the best book on forgiveness

I want to let you know about Unpacking Forgiveness (Crossway), a new book that I like so much I am using it in my soteriology class. The author, Chris Brauns, was two years ahead of me when we were students at GRTS, and so I’ve always looked up to him as sort of an older brother.

Chris is a fun, down to earth guy with a streaky jump shot, who is also an exceptional shepherd and leader. He puts more effort into researching his sermons and he prays more diligently than anyone I know. If Chris says that he is praying for you, you’re good to go. Most important for this book, Chris has experienced some bumps along the way in ministry, so his wisdom on forgiveness was forged from painful experience.

What I like most about Chris’s book is how it combines theological depth with practical counsel. Some books, such as Gregory Jones, Embodying Forgiveness, bore so deep into their subject that they are of little practical use, while others are so therapeutic that they lack sufficient biblical and theological foundation.

I won’t blog through the entire book, because I don’t want to ruin your joy of reading, but I will drop one tantalizing point to entice you to read the whole thing. Chris provocatively says that there are times when it is wrong for us to forgive those who have sinned against us.

When I first read that I was sure that Chris was wrong, but his exegetical and theological arguments brought me around to agree with him. I’m guessing that many of you now disagree with both of us, but I invite you to get the book and hear Chris out before you decide.

I’d say more, but I really want you to read the book for yourself. Forgiveness is an arduous journey that every pastor must lead his people through, and I know of no better guide than my friend, Chris. If you’re a pastor, you owe it to your people to read this book.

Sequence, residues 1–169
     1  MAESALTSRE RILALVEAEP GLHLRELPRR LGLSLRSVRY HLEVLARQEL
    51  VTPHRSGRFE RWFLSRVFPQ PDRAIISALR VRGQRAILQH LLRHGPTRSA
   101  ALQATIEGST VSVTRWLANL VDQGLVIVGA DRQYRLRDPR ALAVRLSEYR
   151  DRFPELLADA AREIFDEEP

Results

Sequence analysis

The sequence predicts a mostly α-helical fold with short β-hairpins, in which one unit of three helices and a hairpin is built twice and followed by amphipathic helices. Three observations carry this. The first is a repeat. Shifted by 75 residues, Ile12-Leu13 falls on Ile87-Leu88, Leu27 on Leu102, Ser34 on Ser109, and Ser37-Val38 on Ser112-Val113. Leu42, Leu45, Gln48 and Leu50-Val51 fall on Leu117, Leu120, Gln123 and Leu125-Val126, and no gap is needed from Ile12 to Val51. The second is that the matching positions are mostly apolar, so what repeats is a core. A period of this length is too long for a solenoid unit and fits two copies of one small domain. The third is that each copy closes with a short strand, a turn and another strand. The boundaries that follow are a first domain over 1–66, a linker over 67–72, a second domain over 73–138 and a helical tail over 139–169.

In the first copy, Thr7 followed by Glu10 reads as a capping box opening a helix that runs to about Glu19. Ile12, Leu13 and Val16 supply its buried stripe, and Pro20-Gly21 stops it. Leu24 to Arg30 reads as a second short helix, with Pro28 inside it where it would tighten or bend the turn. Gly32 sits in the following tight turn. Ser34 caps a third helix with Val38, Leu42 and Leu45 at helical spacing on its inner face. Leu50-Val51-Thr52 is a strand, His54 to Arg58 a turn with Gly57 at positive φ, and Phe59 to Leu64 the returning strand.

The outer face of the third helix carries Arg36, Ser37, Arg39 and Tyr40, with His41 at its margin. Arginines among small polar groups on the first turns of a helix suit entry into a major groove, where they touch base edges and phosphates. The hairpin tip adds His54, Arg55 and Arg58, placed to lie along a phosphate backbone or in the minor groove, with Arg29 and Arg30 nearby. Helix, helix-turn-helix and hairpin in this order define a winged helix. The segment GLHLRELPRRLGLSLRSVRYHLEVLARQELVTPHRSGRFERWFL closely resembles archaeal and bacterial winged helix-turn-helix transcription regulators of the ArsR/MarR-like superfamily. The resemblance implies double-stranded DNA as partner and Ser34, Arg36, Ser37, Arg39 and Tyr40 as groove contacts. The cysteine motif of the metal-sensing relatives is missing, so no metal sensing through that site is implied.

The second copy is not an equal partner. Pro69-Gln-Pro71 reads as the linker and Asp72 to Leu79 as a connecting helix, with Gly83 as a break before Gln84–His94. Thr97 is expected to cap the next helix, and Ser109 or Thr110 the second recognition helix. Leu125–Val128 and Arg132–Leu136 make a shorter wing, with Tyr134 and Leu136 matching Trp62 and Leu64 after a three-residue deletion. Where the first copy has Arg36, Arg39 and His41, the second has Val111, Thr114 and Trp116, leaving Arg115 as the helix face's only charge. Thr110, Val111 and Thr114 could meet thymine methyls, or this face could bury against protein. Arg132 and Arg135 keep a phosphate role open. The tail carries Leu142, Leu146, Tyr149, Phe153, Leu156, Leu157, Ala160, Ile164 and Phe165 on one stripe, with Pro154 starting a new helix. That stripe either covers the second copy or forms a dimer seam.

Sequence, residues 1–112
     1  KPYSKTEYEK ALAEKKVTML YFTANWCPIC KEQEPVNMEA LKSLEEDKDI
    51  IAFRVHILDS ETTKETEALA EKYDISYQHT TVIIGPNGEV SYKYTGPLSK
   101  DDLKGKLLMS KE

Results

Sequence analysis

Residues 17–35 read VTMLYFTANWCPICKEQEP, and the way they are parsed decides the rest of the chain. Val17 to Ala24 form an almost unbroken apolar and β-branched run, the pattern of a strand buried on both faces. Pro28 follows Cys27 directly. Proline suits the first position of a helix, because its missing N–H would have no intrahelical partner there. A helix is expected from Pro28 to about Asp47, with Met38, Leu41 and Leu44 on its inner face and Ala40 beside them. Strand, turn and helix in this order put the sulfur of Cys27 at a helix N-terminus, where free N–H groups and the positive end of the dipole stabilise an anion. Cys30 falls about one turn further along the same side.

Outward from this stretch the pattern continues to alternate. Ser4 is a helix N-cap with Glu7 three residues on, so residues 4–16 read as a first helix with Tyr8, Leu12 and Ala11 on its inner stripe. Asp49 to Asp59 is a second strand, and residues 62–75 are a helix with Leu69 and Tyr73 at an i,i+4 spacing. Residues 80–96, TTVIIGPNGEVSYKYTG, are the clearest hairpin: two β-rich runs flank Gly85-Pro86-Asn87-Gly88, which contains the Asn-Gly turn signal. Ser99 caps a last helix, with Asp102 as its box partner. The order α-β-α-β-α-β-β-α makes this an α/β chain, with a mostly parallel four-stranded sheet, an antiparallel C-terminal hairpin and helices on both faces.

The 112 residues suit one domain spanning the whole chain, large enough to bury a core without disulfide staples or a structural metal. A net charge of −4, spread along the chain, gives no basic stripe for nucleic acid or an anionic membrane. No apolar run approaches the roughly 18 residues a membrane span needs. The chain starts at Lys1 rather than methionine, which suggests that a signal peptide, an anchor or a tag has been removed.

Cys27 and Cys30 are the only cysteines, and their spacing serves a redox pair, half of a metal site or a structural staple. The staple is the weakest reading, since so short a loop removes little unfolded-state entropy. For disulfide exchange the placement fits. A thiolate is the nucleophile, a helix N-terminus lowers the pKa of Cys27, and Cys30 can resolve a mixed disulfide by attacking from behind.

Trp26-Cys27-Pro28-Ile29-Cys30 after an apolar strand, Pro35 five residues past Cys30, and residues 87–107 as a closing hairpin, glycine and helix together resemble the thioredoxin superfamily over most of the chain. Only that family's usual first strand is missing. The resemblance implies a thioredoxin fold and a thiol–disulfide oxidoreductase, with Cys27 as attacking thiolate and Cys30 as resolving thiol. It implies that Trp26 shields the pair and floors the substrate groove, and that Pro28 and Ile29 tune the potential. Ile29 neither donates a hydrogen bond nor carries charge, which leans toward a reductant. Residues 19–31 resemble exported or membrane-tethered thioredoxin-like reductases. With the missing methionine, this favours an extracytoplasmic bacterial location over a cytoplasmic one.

8 Comments

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  1. Thanks for the recommendation, Mike! This sounds like a great addition to my counseling library.

  2. We are to have an attitude of forgiveness. However, are we to forgive one who is unrepentant and has not asked to be forgiven?

  3. Thanks for the tip. I was invited to share my opinion regarding forgiveness with a group of pastors in MN who are wrestling with the issue. Maybe I should read this first… then I’ll sound super smart (more so than usual).

  4. Yooper:

    You nailed his point.

  5. Thanks for this book recommendation.

  6. Mike –

    Brauns makes many good points. I am still working through what he has written regarding forgiveness of the unrepentant, and have yet to come to a conclusion. Regardless of where I end up on that issue, the book is full of helpful thoughts and I thank you for recommending it.

    I had a thought though, and I wonder if it speaks to the situation. Braun’s suggestion that we ought not forgive the unrepentant seems to rest upon the idea that by forgiving an unrepentant sinner, we are not leaving room for God’s righteous and holy wrath. When God ultimately judges them for their sin (and he will whether we’ve forgiven them or not), are they going to be condemned because they sinned have against us or because they have sinned against him? I would argue that it is the fact that they have sinned against God that will ultimately leave them condemned, which means our forgiveness (or lack thereof) is irrelevant to God’s righteous act of judgment.

    I’d love your thoughts. Thanks again for the heads up on the book and keep up the good work!

  7. Pete– But wouldn’t we want our response to a person to correspond with God’s? If I tell someone that he is forgiven (by me) and yet he is unforgiven by God, am I not setting him up for trouble… or possible devastation?

  8. Pete:

    That’s a good question. I’m thinking that I wouldn’t want to separate the sin against God from the sin against me, because it seems that the sin would be against both. I love God when I love my neighbor, and I hate God when I hate my neighbor.

    What ultimately persuaded me that Chris’s view was on the right track was when he said that we must be prepared to forgive the person who is unrepentant, but that the actual act of reconciliation (or full-orbed forgiveness) is not possible without repentance. In this way Chris prevents us from falling into a cheap, therapeutic forgiveness, while also calling us to the same heart change as those who insist we must forgive those who haven’t asked for it.

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